(Task Force Dagger Special Operations Foundation)

Sometimes getting medical help as a service member or veteran for post-traumatic stress and other issues can be more complicated than just calling TRICARE or Veterans Affairs.

That’s where organizations such as Task Force Dagger Special Operations Foundation step in, helping to fill the gaps. On this episode of Military Matters, co-host Jack Murphy speaks with the task force’s immediate needs and operations director, Rebecca Houlihan, and marketing and fundraising director, Courtney Snyder, about how the organization does just that for the Special Operations Forces community.

Houlihan and Snyder elaborated on the three areas Task Force Dagger focuses on: health initiatives, immediate needs and rehabilitative adaptive events. If TRICARE (the health care program for active-duty service members) or the VA won’t pay for a service, often the task force will step in to help. Houlihan provided an example of TRICARE not paying for ambulance ride for a junior enlisted service member’s child.

“Task Force Dagger's a little bit different because we not only support the operators, but we also support the enablers and the augmentees as well,” Houlihan said. “So you've got that service member that gets pulled from conventional military to go serve with these (SOF) teams. And an injury occurs, or exposure occurs and X amount of years later they're feeling the wrath of that deployment with that team. We've got you, and your family.”

The task force also helps facilitate care for service members and veterans struggling with post-traumatic stress. The organization teams with the Stella Center, which provides stellate ganglion block treatments — an injection into the stellate ganglion nerve bundle in the neck normally used to treat pain but has also been used to treat PTSD. It also helps facilitate ketamine treatments for depression, which the House could approve as part of the Douglas “Mike” Day Psychedelic Therapy to Save Lives Act introduced by veteran and Texas Rep. Dan Crenshaw.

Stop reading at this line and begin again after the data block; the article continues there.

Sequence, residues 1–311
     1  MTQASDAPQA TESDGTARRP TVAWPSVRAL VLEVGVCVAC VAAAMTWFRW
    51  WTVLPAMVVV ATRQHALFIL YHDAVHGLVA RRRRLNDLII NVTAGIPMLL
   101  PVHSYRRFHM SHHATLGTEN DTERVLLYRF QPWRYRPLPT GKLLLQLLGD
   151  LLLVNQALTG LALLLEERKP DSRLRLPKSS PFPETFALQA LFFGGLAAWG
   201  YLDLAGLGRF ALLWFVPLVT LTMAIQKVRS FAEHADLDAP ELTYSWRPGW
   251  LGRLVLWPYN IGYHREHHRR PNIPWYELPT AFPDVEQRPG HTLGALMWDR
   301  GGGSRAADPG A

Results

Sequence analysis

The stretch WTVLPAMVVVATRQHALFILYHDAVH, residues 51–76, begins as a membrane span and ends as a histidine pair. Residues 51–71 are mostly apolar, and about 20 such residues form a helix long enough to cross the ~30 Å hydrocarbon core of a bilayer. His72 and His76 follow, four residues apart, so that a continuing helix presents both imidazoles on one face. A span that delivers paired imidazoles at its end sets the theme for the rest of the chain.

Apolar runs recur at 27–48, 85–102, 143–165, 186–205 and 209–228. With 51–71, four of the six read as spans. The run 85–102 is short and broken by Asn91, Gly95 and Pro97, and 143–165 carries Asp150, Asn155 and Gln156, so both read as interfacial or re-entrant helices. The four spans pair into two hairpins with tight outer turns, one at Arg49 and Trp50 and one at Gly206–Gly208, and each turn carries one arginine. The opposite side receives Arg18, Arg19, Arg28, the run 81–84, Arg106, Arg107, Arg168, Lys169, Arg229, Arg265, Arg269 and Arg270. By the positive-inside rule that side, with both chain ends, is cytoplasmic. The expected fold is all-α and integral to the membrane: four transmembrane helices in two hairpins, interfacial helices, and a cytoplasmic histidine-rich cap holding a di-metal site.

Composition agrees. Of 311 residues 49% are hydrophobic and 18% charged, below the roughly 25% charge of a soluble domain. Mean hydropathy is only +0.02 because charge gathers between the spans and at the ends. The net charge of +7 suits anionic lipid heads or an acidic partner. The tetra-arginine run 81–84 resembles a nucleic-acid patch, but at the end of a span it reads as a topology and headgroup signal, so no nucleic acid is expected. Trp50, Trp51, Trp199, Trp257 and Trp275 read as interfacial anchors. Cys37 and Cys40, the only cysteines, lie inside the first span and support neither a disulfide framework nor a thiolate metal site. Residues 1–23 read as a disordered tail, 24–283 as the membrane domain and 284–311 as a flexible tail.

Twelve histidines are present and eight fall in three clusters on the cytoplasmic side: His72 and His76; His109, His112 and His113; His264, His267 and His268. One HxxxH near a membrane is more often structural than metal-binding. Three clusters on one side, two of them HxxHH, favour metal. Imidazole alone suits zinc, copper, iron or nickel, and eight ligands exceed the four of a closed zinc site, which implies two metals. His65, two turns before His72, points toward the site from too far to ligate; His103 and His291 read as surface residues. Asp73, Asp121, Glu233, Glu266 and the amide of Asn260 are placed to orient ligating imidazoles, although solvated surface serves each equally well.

Rehabilitative adaptive events offered by the organization include scuba diving, white water rafting, biking and kayaking, according to the website. The task force has also teamed with the Defense POW/MIA Accounting Agency and East Carolina University to allow SOF members and veterans to assist in mapping and documenting sites where service members lost in past wars may be located. The Joint Recovery Team is currently working with DPAA in Saipan to repatriate service members lost during World War II.

“Our mission purpose focus really is kind of full circle here because a lot of times most of these guys are veterans,” Houlihan said. “They're out of the military, they're missing that comradery. They're missing that connection, that purpose, that sense of, I need to give back.”

You can find Military Matters on Twitter @stripesmmpod.

Follow Jack Murphy on Twitter @jackmurphyrgr and Rod Rodriguez @rodpodrod.

A transcript of the episode can be found here.

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Brian McElhiney is reporter for Stars and Stripes based in Okinawa, Japan. He has worked as a music reporter and editor for publications in New Hampshire, Vermont, New York and Oregon. One of his earliest journalistic inspirations came from reading Stars and Stripes as a kid growing up in Okinawa.

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